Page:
^{1}

^{*}

^{2}

Recently, violation of Heisenberg’s uncertainty relation in spin measurements is discussed [J. Erhart
et al.
, Nature Physics 8, 185 (2012)] and [G. Sulyok
et al.
, Phys. Rev. A 88, 022110 (2013)]. We derive the optimal limitation of Heisenberg’s uncertainty principle in a specific two-level system (e.g., electron spin, photon polarizations, and so on). Some physical situation is that we would measure
**σ
_{x}
and
σ
_{y}
, simultaneously. The optimality is certified by the Bloch sphere. We show that a violation of Heisenberg’s uncertainty principle means a violation of the Bloch sphere in the specific case. Thus, the above experiments show a violation of the Bloch sphere when we use ±1 as measurement outcome. This conclusion agrees with recent researches [K. Nagata, Int. J. Theor. Phys. 48, 3532 (2009)] and [K. Nagata
et al.
, Int. J. Theor. Phys. 49, 162 (2010)]. **

The quantum theory (cf. [

As for the foundations of the quantum theory, Leggett-type non-local variables theory [

As for the applications of the quantum theory, the implementation of a quantum algorithm to solve Deutsch’s problem [

In quantum mechanics, the uncertainty principle is any of the variety of mathematical inequalities asserting a fundamental limit to the precision with which certain pairs of physical properties of a particle known as complementary variables, such as its position x and momentum p, can be known simultaneously. For instance, in 1927, Werner Heisenberg stated that the more precisely the position of some particle is determined, the less precisely its momentum can be known, and vice versa [

Recently, Ozawa discusses universally valid reformulation of the Heisenberg uncertainty principle on noise and disturbance in measurement [

In this paper, we derive the optimal limitation of Heisenberg’s uncertainty principle in a specific two-level system (e.g., electron spin, photon polarizations, and so on). Some physical situation is that we would measure

In this section, we review the Schrödinger uncertainty relation. The derivation shown here incorporates and builds off of those shown in Robertson [

For any Hermitian operator

We let

Similarly, for any other Hermitian operator

for

The product of the two deviations can thus be expressed as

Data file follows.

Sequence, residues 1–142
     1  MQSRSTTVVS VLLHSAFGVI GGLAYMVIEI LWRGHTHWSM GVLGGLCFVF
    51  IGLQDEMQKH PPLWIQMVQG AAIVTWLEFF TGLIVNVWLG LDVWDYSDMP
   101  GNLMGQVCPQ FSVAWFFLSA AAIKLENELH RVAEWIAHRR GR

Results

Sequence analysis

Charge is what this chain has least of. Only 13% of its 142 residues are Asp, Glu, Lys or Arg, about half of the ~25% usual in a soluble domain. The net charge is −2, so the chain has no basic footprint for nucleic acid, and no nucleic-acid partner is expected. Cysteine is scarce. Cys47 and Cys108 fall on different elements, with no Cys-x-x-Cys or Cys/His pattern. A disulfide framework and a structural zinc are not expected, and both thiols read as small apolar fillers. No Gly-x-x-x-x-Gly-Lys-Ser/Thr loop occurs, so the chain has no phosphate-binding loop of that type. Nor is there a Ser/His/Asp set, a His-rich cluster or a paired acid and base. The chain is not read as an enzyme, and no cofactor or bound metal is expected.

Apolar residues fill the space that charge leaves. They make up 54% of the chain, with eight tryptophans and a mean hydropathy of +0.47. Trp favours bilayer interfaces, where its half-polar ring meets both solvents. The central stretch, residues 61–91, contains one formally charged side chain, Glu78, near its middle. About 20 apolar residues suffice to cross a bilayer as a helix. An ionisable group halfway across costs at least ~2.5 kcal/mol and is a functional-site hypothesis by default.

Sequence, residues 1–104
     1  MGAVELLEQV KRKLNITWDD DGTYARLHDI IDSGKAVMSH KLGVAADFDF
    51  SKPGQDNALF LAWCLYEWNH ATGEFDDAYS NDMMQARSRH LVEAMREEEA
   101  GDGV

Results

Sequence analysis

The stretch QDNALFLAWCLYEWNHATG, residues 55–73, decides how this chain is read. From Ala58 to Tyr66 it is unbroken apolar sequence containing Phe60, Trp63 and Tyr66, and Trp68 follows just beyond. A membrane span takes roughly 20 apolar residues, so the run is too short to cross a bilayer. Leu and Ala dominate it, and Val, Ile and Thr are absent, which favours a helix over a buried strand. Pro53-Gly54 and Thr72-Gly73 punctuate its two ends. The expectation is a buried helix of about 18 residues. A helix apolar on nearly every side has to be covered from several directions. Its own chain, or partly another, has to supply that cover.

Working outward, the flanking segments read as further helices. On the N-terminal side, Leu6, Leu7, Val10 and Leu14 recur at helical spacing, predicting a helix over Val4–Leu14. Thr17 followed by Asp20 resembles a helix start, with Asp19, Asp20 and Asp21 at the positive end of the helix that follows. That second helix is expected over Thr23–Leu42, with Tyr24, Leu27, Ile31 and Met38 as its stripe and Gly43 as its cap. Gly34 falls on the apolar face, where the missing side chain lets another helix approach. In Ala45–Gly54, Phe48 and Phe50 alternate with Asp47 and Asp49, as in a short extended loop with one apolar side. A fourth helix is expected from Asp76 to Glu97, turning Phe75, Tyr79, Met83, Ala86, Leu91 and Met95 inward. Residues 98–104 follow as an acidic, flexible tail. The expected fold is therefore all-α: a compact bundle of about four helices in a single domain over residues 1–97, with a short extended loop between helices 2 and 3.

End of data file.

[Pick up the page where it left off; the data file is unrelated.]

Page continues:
In order to relate the two vectors

and thus Equation (4) can be written as

Since

We let

The inner product

and using the fact that

Similarly it can be shown that

For a pair of operators

Thus we have

and

where we have introduced the anticommutator,

We now substitute the above two equations above back into Equation (8) and get

Substituting the above into Equation (6) we get the Schrödinger uncertainty relation

In this section, we present an example that the Schrödinger uncertainty relation is optimal. The optimality is certified by the Bloch sphere. In fact, a violation of the Schrödinger uncertainty relation means a violation of the Bloch sphere in the specific case. We derive the Schrödinger uncertainty relation by using the Bloch sphere

relation in the specific case. Let

Statement 1

Proof. By using

Thus,

QED

We define N as follows:

We define S as follows:

We discuss the relation between N and S in the following statement.

Statement 2

Proof. We have the following relation:

QED

Thus the Schrödinger uncertainty relation is optimal in the specific case. The optimality is certified by the Bloch sphere. A violation of the Schrödinger uncertainty relation means a violation of the Bloch sphere in the specific case. Thus, the experiments [

In conclusions, we have derived the optimal limitation of Heisenberg’s uncertainty principle in a specific two- level system (e.g., electron spin, photon polarizations, and so on). Some physical situation has been that we would measure

It is very interesting to study whether Heisenberg’s uncertainty principle would violate when we would use a new measurement theory

Koji Nagata,Tadao Nakamura, (2015) Violation of Heisenberg’s Uncertainty Principle. Open Access Library Journal,02,1-6. doi: 10.4236/oalib.1101797